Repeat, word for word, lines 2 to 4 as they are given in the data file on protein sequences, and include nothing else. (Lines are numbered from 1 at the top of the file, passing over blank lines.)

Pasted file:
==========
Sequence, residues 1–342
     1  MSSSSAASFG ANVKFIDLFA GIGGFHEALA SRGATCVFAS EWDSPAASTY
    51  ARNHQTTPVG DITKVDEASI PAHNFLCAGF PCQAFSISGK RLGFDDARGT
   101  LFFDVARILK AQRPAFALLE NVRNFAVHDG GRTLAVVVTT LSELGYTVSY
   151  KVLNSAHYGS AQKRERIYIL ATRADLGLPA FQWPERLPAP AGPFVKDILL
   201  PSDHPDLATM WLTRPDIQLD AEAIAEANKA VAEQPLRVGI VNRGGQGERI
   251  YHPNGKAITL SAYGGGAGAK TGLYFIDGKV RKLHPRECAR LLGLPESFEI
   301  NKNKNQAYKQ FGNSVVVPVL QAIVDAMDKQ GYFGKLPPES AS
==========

     1  MSSSSAASFG ANVKFIDLFA GIGGFHEALA SRGATCVFAS EWDSPAASTY
    51  ARNHQTTPVG DITKVDEASI PAHNFLCAGF PCQAFSISGK RLGFDDARGT
   101  LFFDVARILK AQRPAFALLE NVRNFAVHDG GRTLAVVVTT LSELGYTVSY